Shortly after the attacks, with uncharacteristic alacrity, the Security Council unanimously passed several counterterrorism resolutions, and a record number of member states signed on to three existing counterterrorism treaties which had previously been held up. The most sweeping resolution passed was Security Council Resolution 1373, which, among other things, required states to undergo periodic assessments of their national security programs and their vulnerability to terrorist attacks, and to submit a list of needed improvements. The resolution also established the UN's Counter-Terrorism Committee (CTC), which is charged with monitoring the ability of member states to evaluate their counterterrorism capacities; the committee also assists states in implementing UNCR 1373, and recommends sanctions or other enforcement measures needed to combat terrorism.

Member states submitted the first round of reports unanimously, leading the first CTC chairman, British Ambassador Jeremy Greenstock, to remark, "Counter-terrorism has now gone global, with the UN at the center." The CTC, though not without its inefficiencies—it overlaps with other UN agencies—has become a clearinghouse for international security expertise, where donor states and NGOs can be linked up with developing nations that lack the resources to close the gaps in their domestic defenses. And the CTC is continuing to expand: after adding an Executive-Directorate, it undertook fact-finding missions in Morocco and Kenya this year, and plans for more.

Even after the flurry of post-9/11 responses to terrorism, the UN has continued to pass resolutions aimed at inducing states to bolster their domestic security and cooperate on matters of prosecuting and terrorism-related activities. New UN policies regulate the freezing of financial assets of terrorist suspects, tighten border controls, and oversee the transport of arms. In addition, UN bodies that sit beyond the control of the Security Council, including the UN aviation, maritime, drug and crime prevention offices, are also reevaluating their strategies, with a new focus on terrorist-related activities.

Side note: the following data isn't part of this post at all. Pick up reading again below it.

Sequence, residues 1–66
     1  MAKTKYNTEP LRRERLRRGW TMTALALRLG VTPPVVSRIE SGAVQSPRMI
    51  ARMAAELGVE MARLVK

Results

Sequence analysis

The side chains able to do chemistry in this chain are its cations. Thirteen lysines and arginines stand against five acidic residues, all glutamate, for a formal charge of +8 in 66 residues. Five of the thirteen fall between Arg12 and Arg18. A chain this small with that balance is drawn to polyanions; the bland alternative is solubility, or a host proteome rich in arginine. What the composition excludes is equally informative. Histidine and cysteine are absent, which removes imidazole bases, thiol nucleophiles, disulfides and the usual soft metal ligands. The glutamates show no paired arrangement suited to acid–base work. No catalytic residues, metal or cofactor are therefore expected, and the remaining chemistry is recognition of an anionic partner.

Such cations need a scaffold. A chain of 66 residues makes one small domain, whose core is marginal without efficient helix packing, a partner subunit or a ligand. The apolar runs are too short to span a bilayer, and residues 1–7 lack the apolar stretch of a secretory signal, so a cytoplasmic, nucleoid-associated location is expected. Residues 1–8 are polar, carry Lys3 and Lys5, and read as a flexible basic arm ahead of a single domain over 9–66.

Among the most important recent resolutions is UNSCR 1540, passed in April 2004, which requires states to forbid non-state actors from acquiring weapons and related materials of mass destruction. Significant in several respects, 1540 combines separate bans on chemical, biological, and nuclear weapons into one blanket prohibition on WMDs, streamlining existing law. It also overcomes gaps in earlier nonproliferation regimes by covering all UN member states. Unlike existing multilateral arms agreements, UNSCR 1540 is an edict, passed only by the Security Council but mandatory for all. Finally, according to the British think tank Chatham House, 1540 is only the second legislative resolution passed by the Security Council since 1945. In ordering states to develop domestic monitoring tools for the production, movement, and sale of WMDs within their borders, the UNSC has charged states with criminalizing security violations by international standards, maintaining domestic agencies to monitor illegal activities, and effectively enforcing those laws.